EY survey: Impact of COVID-19 increases urgency of digital technology investments for oil and gas; skill gaps within the workforce hinder ROI

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Ninety percent of oil and gas executives agree that investment in technology and workforce are essential to surviving current market conditions, according to a new EY survey: Oil and Gas Digital Transformation and the Workforce Survey 2020. In fact, 58% said the COVID-19 pandemic has made investing in digital technology more urgent, with a majority planning to invest a great deal (29%) or moderate amount (51%) relative to their total budget.

“The COVID-19 pandemic has accelerated the timeline for some digital technology adoption from five years to three months,” said Andy Brogan, EY Global Oil & Gas Leader. “The cost savings digital can deliver is critical for survival in today’s low-price environment, as oil and gas companies look to gain greater operational efficiencies and drive productivity across the value chain. However, to capture the full value of these investments, oil and gas companies need the skills to harness and use the technology to its maximum potential.”

Technology does not use itself, addressing skill gaps linked to future success

According to the survey, nearly half (46%) of companies, on average, do not have the skills within their current workforce to realize the investment on their adopted technologies. Companies recognize a lack of maturity in many skills around digital technologies they have deemed as critical — on average, the gap between importance and maturity is 36%. For instance, the increasing availability of data analytics and insights was cited by 43% of executives as one of the top three trends that will positively impact their company’s business growth in the next three years. Yet, the gap between strategic importance and maturity of key skills was one of the widest on data analytics at 59%.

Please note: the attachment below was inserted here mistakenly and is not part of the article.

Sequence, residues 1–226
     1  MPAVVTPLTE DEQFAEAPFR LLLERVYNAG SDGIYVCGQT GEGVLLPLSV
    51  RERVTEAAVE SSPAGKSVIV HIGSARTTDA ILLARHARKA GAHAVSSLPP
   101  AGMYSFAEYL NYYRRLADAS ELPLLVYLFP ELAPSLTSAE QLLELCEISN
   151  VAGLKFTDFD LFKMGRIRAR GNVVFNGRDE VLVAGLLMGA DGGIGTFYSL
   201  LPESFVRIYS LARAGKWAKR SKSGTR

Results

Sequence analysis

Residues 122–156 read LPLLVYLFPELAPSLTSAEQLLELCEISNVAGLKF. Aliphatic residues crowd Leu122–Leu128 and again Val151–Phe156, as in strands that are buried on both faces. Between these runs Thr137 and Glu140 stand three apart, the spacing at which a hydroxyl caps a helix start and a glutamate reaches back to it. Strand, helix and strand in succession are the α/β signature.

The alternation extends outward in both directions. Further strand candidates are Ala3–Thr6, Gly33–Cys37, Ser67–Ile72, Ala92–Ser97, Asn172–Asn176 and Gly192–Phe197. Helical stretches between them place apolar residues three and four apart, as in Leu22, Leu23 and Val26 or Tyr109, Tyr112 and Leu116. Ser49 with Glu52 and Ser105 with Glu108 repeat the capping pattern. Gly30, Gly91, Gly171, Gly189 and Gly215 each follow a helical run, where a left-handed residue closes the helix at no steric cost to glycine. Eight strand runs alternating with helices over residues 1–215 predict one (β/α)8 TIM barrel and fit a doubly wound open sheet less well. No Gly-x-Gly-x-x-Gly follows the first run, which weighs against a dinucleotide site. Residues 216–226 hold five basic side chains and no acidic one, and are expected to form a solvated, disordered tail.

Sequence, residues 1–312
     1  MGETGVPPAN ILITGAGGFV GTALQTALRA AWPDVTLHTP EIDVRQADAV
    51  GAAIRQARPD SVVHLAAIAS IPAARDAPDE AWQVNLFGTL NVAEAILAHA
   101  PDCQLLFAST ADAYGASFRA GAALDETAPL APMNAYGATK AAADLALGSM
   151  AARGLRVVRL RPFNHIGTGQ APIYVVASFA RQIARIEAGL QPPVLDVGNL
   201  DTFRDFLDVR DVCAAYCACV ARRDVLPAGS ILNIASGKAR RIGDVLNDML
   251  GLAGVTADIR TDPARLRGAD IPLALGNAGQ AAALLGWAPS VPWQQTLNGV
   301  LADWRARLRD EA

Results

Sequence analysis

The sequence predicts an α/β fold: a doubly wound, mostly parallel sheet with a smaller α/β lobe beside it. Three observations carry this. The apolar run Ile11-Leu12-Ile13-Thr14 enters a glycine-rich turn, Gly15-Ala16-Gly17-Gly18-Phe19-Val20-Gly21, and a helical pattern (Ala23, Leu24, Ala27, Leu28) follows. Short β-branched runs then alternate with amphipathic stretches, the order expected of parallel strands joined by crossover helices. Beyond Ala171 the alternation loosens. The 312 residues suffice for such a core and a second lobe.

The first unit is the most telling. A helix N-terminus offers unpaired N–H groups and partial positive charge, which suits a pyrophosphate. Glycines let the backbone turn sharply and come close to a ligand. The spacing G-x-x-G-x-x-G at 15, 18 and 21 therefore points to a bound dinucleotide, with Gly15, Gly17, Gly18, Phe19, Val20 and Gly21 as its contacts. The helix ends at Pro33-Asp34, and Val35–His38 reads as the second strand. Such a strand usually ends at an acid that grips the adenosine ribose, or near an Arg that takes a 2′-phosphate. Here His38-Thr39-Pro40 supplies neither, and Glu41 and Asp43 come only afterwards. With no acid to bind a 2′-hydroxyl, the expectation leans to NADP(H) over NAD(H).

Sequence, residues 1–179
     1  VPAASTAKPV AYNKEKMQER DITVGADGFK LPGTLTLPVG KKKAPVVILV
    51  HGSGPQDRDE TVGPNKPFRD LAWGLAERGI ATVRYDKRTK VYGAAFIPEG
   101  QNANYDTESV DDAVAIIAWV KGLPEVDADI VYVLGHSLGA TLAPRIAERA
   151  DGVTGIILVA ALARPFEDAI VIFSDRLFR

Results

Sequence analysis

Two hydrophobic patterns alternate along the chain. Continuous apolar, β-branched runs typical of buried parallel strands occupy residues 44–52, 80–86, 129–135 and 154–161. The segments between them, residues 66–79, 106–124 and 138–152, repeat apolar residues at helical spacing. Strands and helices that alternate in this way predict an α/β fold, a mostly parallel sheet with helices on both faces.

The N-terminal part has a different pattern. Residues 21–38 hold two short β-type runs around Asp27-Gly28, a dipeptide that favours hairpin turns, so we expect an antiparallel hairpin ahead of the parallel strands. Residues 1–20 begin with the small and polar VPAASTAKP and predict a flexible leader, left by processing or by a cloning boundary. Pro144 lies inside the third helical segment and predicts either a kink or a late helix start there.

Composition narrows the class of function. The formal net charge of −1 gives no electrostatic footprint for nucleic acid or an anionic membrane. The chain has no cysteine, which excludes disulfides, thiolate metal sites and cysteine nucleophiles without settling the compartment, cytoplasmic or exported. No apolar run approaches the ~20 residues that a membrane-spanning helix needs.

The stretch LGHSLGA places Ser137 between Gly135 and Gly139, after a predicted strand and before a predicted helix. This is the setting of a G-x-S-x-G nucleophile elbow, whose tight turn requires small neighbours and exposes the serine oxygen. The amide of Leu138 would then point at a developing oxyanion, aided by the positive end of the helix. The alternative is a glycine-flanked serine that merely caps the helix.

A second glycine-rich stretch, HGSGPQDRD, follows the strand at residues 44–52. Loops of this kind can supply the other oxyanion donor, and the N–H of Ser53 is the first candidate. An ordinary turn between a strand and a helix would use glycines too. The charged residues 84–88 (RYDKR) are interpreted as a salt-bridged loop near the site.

“The sector is now in a critical period in which the role of technology will only accelerate, the volume of data will only grow and competition for talent will only increase,” said Tim Haskell, US Oil & Gas People Advisory Services Leader, Ernst & Young LLP (EY US). “The challenge for oil and gas is immediate. It’s not enough for companies to simply spend more on technology. Investment in the workforce is needed to scale and integrate technologies and ultimately capture the intended value. Companies must find an investment balance while addressing market pressures. Otherwise, the industry will lose crucial years and potentially a generation of workers.”

Organizational and cultural challenges top the list for barriers to reskilling

Ninety-two percent of executives agree their ability to reskill as a company will determine their success over the next three years. However, only 9% feel strongly that they have a robust plan in place to do so, and just 3% feel strongly their organization is good at teaching in-demand skills, according to the EY survey.

When asked about their current workforce, oil and gas executives said 60% of workers need to be reskilled or upskilled, and it will take an average of 10 months to reskill the average worker, with nearly half of executives (48%) expecting it to take a year or longer. Executives raised the time needed to reskill (97%), competing priorities (95%) and difficulty in assessing employee progress (95%) as primary impediments to reskilling. Furthermore, two-thirds expressed a belief their organization’s structure hinders its ability to innovate, making solving these and other challenges more difficult.

Proceed with caution — executives expect future access to in-demand skills

Oil and gas executives anticipate greater access to workers with digital skills within the next three years, alleviating the current shortage, according to the EY survey. The proportion of executives whose companies have adequate access to workers with cloud computing skills is expected to improve 11 percentage points over current availability along with digital literacy (+18), data science (+26) and artificial intelligence (AI, +24).

“Oil and gas executives may be overly optimistic in their view of improved access to digital skills in the future,” Haskell said. “Demand for digital skills is growing across every industry. Those with AI and data science capabilities will be some of the most sought-after talent in the coming years. Oil and gas will encounter stiff competition for talent and will have to overcome negative perceptions among younger generations who tend to favor careers in technology and other industries. This makes reskilling and upskilling even more critical for oil and gas companies.”

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